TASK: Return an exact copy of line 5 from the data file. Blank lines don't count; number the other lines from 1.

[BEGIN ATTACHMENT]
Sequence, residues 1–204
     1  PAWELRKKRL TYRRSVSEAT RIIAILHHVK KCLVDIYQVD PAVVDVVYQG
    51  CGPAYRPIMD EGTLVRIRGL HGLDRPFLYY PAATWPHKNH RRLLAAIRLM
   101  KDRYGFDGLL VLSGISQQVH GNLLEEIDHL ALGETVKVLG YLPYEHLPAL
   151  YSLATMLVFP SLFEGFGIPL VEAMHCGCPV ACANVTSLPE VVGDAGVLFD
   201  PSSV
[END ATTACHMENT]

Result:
   151  YSLATMLVFP SLFEGFGIPL VEAMHCGCPV ACANVTSLPE VVGDAGVLFD